Honeymooning is legendary there, and famous wedding couples include the George Bushes, who recently celebrated their golden anniversary at The Cloister.
“Sea Island offers the best of two distinct worlds,” said Dulany Hall, director of sales for the Sea Island Co., a fourth generation family-owned company. “Begin the day by conducting your business in one of our fully-equipped meeting rooms, fully prepared by our professional conference services staff. Then reward a job well done in the most perfect way possible: a round of golf on one of three world-class courses, in the full-service seaside spa, on one of 25 Har-Tru tennis courts, on a sunset cruise on our vintage yacht or just relaxing on the five and a half miles of private beach.”
St. Simons Island is the most modern and touristy island, crowned by the King and Prince Beach & Golf Resort, the island’s only seaside resort. The story is that two gentlemen opened the resort as a dance club in 1935 after being barred from The Cloister for fooling around with other men’s wives. After a suspicious fire destroyed the dance club, the gentlemen rebuilt it, adding hotel rooms. Owned by Mississippi Management Inc. the King and Prince has been expanded to include two and three bedroom villas and the entire hotel is being renovated to impeccable standards.
St. Simons is chock full of history, with Fort Frederica, Christ Church built circa 1776, the Tree Spirits of St. Simons, where weathered faces were long ago carved into majestic oaks, and the St. Simons Island Lighthouse. The oldest brick structure in the area, the 104-foot lighthouse is still operational. Epworth By The Sea, a lovely Methodist retreat, is often booked by smaller groups seeking a less costly resort retreat. Everywhere on the island, the stained glass is exquisite.
Little St. Simons is nearly the same as when Philip Berolzheimer, the owner of Eagle Pencil Co., purchased the island, sight unseen, in 1908, to harvest cedar trees for pencil making. When he discovered the trees were too stressed from wind and salt to be used for pencils, he retained it as a special retreat for family and friends.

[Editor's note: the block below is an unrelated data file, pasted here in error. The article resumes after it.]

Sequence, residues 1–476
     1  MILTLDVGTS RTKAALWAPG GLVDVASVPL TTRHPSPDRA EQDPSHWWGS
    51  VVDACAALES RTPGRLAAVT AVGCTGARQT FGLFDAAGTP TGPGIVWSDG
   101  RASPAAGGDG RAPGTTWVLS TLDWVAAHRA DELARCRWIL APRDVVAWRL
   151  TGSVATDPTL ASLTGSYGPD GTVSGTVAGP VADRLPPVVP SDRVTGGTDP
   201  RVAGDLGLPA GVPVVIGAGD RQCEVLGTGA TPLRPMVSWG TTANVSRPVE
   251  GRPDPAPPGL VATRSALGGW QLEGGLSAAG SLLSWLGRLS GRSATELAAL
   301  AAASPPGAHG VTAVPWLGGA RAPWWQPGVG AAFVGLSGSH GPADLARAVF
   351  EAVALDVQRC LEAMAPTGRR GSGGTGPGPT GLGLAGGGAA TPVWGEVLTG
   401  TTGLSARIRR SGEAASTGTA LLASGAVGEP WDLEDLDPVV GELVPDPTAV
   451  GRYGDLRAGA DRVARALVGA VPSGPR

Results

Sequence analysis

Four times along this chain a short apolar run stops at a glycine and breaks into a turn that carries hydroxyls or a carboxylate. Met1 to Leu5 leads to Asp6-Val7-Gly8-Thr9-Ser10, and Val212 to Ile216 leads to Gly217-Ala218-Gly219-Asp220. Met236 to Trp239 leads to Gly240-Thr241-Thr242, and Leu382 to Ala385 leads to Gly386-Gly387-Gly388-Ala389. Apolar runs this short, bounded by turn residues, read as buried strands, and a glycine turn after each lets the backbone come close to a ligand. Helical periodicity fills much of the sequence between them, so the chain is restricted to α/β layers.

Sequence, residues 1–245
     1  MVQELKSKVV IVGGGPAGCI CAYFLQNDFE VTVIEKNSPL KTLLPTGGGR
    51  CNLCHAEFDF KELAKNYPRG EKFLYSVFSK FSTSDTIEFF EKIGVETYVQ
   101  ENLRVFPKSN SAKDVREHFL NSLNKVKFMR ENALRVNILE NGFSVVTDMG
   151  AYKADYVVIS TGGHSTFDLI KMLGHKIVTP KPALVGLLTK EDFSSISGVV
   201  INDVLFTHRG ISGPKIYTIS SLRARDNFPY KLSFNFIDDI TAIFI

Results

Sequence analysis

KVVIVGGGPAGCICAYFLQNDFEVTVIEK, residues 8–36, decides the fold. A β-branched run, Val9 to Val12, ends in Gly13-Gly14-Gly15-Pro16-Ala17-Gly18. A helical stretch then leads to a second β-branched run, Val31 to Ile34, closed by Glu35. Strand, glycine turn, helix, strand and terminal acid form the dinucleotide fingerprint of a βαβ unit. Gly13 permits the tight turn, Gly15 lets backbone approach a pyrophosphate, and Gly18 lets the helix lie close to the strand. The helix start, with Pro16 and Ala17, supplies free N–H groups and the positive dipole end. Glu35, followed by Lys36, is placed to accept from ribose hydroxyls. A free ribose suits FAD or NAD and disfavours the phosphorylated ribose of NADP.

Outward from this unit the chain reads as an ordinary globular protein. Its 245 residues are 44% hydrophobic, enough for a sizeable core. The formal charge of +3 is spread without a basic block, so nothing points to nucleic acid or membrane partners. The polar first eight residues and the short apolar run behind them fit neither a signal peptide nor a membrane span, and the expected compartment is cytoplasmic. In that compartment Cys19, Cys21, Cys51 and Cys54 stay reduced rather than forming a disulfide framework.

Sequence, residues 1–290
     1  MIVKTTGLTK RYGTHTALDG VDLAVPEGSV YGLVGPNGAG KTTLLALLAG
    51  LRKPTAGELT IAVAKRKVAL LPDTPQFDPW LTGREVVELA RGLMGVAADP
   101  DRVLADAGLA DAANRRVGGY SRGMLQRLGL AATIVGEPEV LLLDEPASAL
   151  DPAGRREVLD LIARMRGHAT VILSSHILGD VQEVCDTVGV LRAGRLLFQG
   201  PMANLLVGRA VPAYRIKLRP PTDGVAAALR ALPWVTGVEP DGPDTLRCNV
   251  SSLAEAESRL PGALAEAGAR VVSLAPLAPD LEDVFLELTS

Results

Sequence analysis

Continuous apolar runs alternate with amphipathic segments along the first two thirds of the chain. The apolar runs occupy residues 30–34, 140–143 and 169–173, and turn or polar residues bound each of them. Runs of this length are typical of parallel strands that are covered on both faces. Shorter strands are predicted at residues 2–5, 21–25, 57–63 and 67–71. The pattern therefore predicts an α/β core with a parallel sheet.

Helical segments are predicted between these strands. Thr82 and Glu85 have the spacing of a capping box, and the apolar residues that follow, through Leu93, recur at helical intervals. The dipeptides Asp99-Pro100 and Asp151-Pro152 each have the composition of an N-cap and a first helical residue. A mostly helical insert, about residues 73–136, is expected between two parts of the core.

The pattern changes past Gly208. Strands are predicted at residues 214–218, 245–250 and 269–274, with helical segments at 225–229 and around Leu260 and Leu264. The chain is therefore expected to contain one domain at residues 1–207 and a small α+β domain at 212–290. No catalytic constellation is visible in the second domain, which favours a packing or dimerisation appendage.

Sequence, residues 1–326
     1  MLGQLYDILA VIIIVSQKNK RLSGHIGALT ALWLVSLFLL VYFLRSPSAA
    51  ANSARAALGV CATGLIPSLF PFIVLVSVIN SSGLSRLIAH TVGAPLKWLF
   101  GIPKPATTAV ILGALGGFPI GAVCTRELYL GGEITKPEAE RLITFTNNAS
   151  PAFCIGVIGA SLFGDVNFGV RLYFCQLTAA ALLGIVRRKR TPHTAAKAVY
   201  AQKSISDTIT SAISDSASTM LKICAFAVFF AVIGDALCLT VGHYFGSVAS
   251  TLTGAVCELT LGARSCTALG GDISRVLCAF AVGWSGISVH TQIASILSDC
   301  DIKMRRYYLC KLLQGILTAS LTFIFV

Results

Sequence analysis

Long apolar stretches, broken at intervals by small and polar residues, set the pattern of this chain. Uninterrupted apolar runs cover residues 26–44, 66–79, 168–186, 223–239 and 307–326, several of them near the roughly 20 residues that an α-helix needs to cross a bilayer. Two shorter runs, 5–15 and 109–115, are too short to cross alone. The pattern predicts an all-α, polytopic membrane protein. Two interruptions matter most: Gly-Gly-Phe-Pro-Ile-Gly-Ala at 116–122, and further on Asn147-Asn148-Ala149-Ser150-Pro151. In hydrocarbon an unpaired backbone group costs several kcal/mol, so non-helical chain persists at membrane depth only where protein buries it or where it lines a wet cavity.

“Even though we are within driving distance, we’re only accessible by boat through the marsh rivers, and once you get here, we are worlds away,” said Taylor.
A popular upscale choice for incentive travel, Little St. Simons’ guests get to know one another and participate in team building exercises without the outside distractions of television and telephones.
“We recently had an owner of a national car rental company treat 60 of his top producers in two separate trips,” said Taylor. “His staff was blown away by their three-day stays!”
On our last night on the island, I asked Taylor what conveniences he missed the most by working and living on a rustic island known as a “camp for adults.”
“I miss pizza — gooey, sloppy, cheesy pizza,” he said. “And going to movies on a whim.”
The only Golden Isle that wasn’t toured by land was Cumberland Island, operated by the National Park Service, and the site of the secret location of John F. Kennedy Jr.’s wedding to Carolyn Bessette in 1996. An air tour revealed the compound of the Kennedy pal who made the arrangements. Wild horses roam the island, which can be accessed by boat from the Golden Isles or ferry from St. Marys.
In addition to three nonstop daily flights from Atlanta to Brunswick via Delta Airlines, many groups fly into the Jacksonville International Airport or the Savannah International Airport, both located about 70 miles from the Golden Isles.
Contributing writer Lynne W. Jeter’s column on business travel — and the business of it —
ularly in the Mississippi Business Journal. Contact her at email@example.com </a